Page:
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President’s mother sings as African Cup winds down

The African Cup of Nations wound down Sunday as Gabon President Ali Bongo’s mother sang for fans and giant images of the tournament’s football-playing gorilla mascot were projected onto the pitch in a high-tech closing ceremony

AP, Sunday 12 Feb 2012
Gabon
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The African Cup of Nations wound down Sunday as Gabon President Ali Bongo’s mother sang for fans and giant images of the tournament’s football-playing gorilla mascot were projected onto the pitch in a high-tech closing ceremony.

American singer Akon was also part of the show.

Patience Dabany, the country’s former first lady, performed the event’s theme tune to kick off the ceremony at the country’s new Stade de l’Amitie as performers ran across the field with the flags of the competing countries.

The president watched from the VIP section as his mother entertained the crowd before a white sheet was laid across the entire playing surface and giant images of the African continent, the country’s former president and Gaguie—the gorilla—were projected.

There was also fireworks at each end of the stadium and across the top of the two massive white arches. Brightly colored holograms appeared behind the goals.

FIFA President Sepp Blatter earlier presented a pennant to both host countries’ presidents, Bongo of Gabon and Equatorial Guinea’s Teodoro Obiang Nguema Mbasogo. Brazil great Pele was also at the stadium, where Ivory Coast was to play Zambia in the deciding game.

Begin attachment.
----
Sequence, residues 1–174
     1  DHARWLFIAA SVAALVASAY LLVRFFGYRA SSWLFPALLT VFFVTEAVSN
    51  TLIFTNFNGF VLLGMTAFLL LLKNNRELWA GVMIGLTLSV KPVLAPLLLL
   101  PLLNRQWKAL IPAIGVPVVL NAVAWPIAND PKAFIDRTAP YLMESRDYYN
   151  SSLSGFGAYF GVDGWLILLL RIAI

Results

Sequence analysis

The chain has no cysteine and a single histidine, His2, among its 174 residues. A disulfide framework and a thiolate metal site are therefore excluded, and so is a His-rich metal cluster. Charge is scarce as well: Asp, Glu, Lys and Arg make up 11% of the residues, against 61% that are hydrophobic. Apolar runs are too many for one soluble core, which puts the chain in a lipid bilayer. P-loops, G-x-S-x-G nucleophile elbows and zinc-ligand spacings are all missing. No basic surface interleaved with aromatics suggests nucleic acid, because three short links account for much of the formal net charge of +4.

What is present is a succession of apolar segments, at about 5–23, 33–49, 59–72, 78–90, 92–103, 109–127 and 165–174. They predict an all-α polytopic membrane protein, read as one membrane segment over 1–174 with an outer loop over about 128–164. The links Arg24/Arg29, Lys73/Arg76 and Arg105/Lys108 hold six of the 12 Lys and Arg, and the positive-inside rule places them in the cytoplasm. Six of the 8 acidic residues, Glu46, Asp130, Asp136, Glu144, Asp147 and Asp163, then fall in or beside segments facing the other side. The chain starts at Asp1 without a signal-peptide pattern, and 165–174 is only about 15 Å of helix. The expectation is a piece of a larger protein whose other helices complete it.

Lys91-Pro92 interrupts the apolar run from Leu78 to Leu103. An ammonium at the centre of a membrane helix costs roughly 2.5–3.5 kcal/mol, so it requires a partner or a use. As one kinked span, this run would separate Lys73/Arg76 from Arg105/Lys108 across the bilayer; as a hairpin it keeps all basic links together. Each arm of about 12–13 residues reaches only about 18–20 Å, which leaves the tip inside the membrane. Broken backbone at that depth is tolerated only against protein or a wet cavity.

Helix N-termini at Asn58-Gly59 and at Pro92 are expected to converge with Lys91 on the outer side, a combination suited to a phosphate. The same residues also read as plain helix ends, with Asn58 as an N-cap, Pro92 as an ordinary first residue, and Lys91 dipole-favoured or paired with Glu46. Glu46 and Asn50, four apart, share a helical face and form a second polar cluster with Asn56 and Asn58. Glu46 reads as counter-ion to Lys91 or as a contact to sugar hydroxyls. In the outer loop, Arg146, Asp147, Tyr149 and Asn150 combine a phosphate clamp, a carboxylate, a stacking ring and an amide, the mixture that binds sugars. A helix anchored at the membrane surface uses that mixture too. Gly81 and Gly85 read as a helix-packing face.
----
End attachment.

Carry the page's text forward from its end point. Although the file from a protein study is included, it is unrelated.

The biggest roar at the nearly full 40,000-capacity Stade de l’Amitie came when an image of a smiling Omar Bongo, the country’s late president and Ali’s father, appeared over an outline of the African continent.

There was a brief delay as staff had to fix a gap in the white sheet before the projection show, but the crowd responded with delighted cheers to the brightly colored images that appeared in front of them.

The images included the gorilla, waterfalls and lush tropical jungle scenes and a view of the earth from outer space, which then narrowed in on Africa and, ultimately, Gabon.

It’s estimated that Gabon—a central African country with a population of just 1.5 million—has spent between $600 million and $790 million on the 23-day football tournament it shared with oil-rich neighbor Equatorial Guinea.

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